If the Grantor defaults on the loan, the Trustee is authorized to foreclose on the property with no lawsuit and no judicial oversight. This is called non-judicial foreclosure. The property is sold at public auction and the proceeds will be used to pay back the principal of the loan, any attorney's fees, and foreclosure fees. The Trustee must give any excess proceeds from the sale to the Grantor. If there are no excess proceeds and instead a deficiency, a lawsuit could be filed to recoup the deficiency from the Grantor.
Often at the time of drafting the Deed of Trust, a Real Estate Lien Note is also drafted, which is an agreement for one party (Grantor) to pay the other party (Grantee) a specific amount of money at a specific time. The note, also called a Promissory Note, must identify the parties and include the agreed upon terms of payment, such as the payment schedule and the interest rate.
When the Grantor completes payment on the note, the Grantee is obligated to file as Release of Lien in the real property records of the county clerk's office. Without a Release of Lien, the title to the property is clouded. If the Grantee refuses to release the lien or otherwise cannot be found, a Quiet Title Action will need to be filed to release the lien and remove the cloud from the title.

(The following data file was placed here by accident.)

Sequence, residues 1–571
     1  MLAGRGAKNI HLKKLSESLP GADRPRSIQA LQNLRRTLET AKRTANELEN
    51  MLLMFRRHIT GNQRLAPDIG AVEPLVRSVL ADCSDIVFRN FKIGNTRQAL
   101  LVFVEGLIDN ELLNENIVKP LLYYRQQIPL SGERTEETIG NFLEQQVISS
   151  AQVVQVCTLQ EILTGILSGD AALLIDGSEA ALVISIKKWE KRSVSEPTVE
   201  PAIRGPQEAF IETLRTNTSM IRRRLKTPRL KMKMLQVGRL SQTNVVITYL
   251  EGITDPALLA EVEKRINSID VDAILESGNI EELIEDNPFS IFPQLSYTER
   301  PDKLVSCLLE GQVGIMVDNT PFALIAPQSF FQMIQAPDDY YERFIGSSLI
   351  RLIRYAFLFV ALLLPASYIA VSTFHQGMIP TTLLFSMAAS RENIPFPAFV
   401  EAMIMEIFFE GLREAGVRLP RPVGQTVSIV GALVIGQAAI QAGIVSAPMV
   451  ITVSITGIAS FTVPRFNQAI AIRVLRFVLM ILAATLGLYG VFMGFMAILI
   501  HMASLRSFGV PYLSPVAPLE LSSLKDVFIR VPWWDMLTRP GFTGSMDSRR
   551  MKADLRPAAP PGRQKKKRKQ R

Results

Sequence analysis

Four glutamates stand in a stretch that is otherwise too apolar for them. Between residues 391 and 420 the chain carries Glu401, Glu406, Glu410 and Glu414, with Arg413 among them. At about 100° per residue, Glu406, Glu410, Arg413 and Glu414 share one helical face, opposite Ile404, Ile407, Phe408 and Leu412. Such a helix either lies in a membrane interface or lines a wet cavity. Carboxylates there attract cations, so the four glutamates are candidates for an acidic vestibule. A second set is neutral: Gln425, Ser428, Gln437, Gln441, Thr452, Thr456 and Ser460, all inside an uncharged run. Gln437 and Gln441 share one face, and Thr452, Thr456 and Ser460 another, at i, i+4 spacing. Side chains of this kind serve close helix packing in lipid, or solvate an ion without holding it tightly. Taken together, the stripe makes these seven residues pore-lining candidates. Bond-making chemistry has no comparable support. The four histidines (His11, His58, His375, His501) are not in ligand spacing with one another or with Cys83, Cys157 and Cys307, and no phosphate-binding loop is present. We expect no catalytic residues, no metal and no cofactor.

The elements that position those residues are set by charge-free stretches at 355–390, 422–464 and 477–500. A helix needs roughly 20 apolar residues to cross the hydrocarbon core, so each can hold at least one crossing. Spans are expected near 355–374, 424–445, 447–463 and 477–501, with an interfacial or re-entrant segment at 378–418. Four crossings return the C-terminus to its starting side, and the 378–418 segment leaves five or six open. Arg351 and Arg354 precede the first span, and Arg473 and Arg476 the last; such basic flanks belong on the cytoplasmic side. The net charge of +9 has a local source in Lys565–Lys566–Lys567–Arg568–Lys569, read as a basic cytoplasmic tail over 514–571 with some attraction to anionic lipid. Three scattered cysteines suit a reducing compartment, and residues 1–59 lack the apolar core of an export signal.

Drafting financing documents and getting the legal terminology correct can be complex. I've seen clients use premade forms from online in an attempt to save a buck and the results were costly. You need to employ a Texas real estate attorney to assist you in drafting the Deed of Trust, Promissory Note, and Deed with Vendor's Lien.
While Deed of Trusts are very common and widely used in Texas, there are other creative financing options available. Our attorneys can help you determine the best ways to plan your financial future.